Josephine Anderson

Josephine Anderson may not have been the epitome of charm and warmth, but she was the strong and able leader who created and built what has become one of the best known and effective organizations in Monrovia and the San Gabriel Valley. Thanks to Foothill Unity Center, people of all races and religions have received sufficient food for their families and - over the years - school needs for their children and dental and ophthalmological care .Josephine was in charge of Immaculate Conception Catholic Church’s food program in the late 70s when she realized that

those needing food were going from church to church seeking help. Feeling that this was both ineffective and wasteful, she called the leaders of the various church programs together and Unity Center was born. I first met Josephine in the early 80s when she first came to the Coordinating Council meeting to talk about this new program. While it was obvious that this woman didn’t have the personality or skills to recruit support from community leaders, it was obvious that her ideas and her efforts were important. Under the wings of the Monrovia Centennial Committee, Monrovians began to see Unity Center in a
positive light and Josephine helped us to develop a Child Care Consortium - one of the follow-up projects to the Centennial. Meanwhile, Immaculate Conception needed the space and asked Unity Center to leave. While there was a location on Walnut St., near Myrtle Ave., the City Council was reluctant to make the code changes necessary for Unity Center to move in. Pro and con groups approached the Council members on the matter. Josephine spoke to the homeless people, about which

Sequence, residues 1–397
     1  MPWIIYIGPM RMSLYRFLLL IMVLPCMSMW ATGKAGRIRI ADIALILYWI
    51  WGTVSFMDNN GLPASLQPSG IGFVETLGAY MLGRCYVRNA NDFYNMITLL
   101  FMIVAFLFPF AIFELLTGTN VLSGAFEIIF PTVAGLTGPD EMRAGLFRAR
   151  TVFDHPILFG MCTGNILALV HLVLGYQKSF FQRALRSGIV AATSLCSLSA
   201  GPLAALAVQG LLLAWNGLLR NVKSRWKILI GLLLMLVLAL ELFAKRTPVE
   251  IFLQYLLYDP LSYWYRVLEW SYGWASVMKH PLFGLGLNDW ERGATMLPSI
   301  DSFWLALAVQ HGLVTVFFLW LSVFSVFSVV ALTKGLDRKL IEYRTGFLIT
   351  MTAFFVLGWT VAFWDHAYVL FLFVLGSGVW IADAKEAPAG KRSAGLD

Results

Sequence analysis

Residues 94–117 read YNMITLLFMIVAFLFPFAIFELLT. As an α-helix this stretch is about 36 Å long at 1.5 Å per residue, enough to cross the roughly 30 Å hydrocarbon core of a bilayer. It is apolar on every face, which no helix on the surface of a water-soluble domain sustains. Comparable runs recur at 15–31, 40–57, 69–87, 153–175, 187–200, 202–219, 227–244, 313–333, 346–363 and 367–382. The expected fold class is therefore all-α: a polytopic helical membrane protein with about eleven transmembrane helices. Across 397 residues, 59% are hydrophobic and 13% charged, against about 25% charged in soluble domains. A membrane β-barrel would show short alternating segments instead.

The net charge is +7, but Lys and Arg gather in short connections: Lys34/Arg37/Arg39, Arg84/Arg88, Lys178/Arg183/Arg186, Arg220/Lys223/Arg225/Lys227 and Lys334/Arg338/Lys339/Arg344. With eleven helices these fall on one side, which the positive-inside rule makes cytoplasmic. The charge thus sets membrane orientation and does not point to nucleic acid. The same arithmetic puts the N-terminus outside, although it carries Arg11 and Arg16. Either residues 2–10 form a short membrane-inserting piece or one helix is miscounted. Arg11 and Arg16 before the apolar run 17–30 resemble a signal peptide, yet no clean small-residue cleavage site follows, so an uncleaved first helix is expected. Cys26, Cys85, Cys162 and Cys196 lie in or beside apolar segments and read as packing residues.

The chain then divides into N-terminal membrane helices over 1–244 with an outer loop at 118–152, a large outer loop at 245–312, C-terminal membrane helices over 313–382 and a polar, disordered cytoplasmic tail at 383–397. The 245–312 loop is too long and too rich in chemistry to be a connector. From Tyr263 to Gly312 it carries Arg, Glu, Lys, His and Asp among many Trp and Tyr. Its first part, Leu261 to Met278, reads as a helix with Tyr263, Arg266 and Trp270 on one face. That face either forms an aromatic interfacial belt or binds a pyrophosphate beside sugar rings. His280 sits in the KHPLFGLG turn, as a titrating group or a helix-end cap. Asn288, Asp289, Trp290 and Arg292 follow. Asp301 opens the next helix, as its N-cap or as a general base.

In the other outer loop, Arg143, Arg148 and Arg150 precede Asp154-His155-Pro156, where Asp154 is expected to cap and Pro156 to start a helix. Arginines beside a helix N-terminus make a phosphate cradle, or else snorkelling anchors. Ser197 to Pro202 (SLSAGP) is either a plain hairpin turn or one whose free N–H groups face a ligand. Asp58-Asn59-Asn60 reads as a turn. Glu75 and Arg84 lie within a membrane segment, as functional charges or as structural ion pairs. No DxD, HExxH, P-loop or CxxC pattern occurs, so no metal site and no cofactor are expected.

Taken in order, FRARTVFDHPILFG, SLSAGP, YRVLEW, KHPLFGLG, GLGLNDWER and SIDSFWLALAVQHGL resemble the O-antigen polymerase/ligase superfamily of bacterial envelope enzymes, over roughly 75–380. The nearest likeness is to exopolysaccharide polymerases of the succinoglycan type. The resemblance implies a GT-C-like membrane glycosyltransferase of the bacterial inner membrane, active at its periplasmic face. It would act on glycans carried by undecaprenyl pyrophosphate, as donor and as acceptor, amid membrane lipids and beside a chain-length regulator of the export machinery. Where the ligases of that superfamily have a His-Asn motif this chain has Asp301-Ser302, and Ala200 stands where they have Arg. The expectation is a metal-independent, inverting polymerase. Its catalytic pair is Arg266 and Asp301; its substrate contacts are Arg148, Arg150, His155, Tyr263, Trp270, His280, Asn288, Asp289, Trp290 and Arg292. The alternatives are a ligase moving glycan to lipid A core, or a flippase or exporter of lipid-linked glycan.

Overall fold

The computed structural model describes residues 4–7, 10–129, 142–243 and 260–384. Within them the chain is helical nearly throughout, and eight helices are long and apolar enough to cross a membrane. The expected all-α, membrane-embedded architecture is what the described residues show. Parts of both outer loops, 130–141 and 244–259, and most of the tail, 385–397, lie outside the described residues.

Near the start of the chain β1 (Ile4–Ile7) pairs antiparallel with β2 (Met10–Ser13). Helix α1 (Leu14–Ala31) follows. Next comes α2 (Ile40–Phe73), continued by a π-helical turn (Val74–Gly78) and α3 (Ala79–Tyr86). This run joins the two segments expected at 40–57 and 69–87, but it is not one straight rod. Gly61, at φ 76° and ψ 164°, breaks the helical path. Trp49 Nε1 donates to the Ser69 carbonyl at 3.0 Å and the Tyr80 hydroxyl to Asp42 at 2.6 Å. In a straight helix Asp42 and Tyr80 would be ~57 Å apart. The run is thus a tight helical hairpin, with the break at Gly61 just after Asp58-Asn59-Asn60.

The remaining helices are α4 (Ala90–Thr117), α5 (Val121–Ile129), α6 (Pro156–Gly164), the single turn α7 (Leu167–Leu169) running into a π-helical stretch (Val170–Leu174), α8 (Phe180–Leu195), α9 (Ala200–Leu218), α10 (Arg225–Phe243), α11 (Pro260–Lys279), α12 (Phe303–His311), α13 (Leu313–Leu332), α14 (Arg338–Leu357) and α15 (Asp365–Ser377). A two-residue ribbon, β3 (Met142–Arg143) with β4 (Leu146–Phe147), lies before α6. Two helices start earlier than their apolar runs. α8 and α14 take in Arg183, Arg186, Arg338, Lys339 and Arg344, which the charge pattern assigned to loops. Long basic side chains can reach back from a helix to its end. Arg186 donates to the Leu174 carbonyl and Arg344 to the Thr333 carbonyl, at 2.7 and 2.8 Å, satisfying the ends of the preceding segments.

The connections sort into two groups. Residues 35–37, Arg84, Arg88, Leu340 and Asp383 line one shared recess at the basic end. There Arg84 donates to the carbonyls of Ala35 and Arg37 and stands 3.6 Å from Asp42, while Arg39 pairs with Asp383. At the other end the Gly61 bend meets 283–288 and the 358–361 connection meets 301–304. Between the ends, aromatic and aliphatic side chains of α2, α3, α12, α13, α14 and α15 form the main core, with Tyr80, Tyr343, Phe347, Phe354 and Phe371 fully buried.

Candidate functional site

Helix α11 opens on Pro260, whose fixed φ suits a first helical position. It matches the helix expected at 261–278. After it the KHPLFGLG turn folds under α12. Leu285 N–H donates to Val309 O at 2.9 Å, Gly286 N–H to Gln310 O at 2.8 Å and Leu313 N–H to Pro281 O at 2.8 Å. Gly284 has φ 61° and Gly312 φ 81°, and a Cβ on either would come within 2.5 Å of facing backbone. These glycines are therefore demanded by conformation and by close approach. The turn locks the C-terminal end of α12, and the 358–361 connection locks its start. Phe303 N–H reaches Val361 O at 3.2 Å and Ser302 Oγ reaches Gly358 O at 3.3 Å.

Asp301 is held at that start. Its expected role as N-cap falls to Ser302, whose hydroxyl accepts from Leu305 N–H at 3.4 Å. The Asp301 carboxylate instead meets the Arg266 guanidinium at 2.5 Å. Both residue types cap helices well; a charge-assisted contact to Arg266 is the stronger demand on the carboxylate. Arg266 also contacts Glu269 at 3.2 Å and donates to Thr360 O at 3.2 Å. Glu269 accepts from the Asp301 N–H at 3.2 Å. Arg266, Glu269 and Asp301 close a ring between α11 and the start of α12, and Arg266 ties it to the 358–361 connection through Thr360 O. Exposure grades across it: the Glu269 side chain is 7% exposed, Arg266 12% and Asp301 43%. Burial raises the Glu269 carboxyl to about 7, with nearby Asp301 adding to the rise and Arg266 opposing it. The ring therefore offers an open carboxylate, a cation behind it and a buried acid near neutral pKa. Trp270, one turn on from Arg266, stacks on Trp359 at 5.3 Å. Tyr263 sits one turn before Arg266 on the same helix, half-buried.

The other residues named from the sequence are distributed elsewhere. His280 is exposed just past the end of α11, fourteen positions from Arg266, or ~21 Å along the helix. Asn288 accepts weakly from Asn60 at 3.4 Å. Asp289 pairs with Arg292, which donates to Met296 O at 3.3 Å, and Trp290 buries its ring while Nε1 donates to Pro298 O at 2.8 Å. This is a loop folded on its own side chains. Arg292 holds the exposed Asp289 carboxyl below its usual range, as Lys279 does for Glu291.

merchants and close-by residents were concerned, and successfully urged them to stay away from the area. Dick Singer, then
Editor of the Monrovia News-Post, wrote a column asking for a leader to come forward to help Josephine and the Unity Center. I responded and brought together a group of Monrovia and Duarte community leaders who concluded that what Unity
Center needed was a Board of Directors. With Dr. Fred Loya (CEO of Santa Anita Family Service) as president, a Board was formed and Unity Center eventually moved into the Walnut location. While Josephine continued to prefer to make her own decisions, Unity Center was on the way to becoming the outstanding program that we cherish today.